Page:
Making Your 2022 Resolutions Stick
Getting in shape is one of the most common resolutions that people set for themselves at the beginning of a new year. Even more common is that many of these people fail and then seek out the expertise of a trainer like myself.
A few weeks into every new year, I have an uptick in new client consults and many have the same back story. They tried to get fit on their own, but can’t seem to stay on track. This happens for lots of reasons, but it just takes some restructuring to help alleviate the problem. Here are 5 ways to help you stick to your resolutions and increase your chances of success.
Optimism is great, but you also need to be realistic about what you can accomplish. You need to decide what you are willing to commit to in order to reach your goals. Have an honest conversation with yourself, taking into consideration all factors that will affect your ability to do the things you need to do consistently.
Ditch the “all or nothing” mindset.
This approach is rarely helpful, and in many cases will reduce your chances of reaching your goals. Don’t allow yourself to fall into the mindset of “If I can’t do it all, I’m not doing anything”. Remember that any healthy eating habits are better than none, and any exercise you do is better than sitting on the couch all day.
Make healthy habits as easy as possible.
I see so many people failing because they set unrealistic expectations or overcomplicate their methods. Learn to make your healthy habits as easy to adhere to as possible. If you struggle with consistently getting to the gym that’s 20 minutes away, invest in some PowerBlock Dumbbells and work out at home. If you struggle with your nutrition and meal prep, try a healthy meal delivery subscription service. Removing potential obstacles doesn’t make you lazy, it means you recognize your challenges and are addressing them.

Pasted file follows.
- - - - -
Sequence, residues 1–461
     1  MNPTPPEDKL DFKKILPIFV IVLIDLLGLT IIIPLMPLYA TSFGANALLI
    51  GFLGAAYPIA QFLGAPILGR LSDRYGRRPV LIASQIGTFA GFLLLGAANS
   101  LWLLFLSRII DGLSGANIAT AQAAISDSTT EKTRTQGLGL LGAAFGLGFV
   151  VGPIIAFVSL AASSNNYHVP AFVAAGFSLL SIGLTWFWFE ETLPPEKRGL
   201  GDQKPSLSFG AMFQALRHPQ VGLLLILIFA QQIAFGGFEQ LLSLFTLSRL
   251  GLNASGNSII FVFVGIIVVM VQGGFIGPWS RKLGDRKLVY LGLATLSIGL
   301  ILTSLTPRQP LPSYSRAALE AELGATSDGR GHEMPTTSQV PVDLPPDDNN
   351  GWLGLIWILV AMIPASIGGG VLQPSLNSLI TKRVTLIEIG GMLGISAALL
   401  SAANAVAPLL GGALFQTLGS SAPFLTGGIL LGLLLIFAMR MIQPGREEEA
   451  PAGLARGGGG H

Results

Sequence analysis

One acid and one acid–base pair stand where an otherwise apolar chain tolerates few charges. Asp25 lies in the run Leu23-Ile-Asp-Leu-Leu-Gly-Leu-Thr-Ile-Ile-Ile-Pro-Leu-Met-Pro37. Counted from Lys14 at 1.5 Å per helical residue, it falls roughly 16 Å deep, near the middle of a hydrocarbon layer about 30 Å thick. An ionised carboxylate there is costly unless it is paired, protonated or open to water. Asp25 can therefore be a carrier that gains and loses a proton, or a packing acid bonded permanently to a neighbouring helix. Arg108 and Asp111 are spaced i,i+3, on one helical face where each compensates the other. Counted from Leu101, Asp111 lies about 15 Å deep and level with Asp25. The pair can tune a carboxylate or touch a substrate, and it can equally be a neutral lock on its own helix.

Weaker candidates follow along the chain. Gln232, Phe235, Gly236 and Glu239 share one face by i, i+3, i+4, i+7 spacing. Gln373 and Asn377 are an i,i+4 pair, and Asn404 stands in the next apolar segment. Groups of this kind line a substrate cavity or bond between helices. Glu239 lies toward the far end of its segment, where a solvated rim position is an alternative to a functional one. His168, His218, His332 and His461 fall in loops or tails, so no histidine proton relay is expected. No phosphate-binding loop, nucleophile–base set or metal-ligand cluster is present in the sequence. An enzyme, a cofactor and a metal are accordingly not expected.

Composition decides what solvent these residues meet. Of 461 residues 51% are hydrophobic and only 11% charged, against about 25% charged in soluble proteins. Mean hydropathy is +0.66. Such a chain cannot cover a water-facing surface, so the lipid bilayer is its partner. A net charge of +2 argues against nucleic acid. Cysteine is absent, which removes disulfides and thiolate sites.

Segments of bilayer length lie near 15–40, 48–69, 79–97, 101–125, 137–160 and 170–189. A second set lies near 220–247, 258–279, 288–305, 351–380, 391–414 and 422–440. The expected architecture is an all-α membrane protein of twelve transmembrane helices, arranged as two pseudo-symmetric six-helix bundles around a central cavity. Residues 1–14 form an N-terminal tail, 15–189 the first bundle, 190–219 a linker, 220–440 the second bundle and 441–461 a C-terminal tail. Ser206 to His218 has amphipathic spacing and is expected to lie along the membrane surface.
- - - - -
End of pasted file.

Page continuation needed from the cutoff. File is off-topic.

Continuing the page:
Ask for accountability.
Being held accountable to someone other than yourself will increase your chances of sticking to your program and eating habits. It’s much more difficult to blow off your nutrition plan when you know someone is going to ask how things are going. You’re far less likely to skip the gym if someone is meeting you there to exercise. Be sure to ask someone you trust who can hold you accountable in a firm, but non judgmental way.
Make one change at a time.
There’s an inverse relationship between the number of changes attempted and success rates. This means the more you try to change, the less likely you are to be successful. Avoid becoming overwhelmed and make one change at a time before you add something else. Working on one thing until it becomes a habit will establish that healthy behavior as a part of your daily life and then, you’re ready to add another. There’s no need to overhaul your entire life in a single day. The longer road is less appealing, but more realistic for most.
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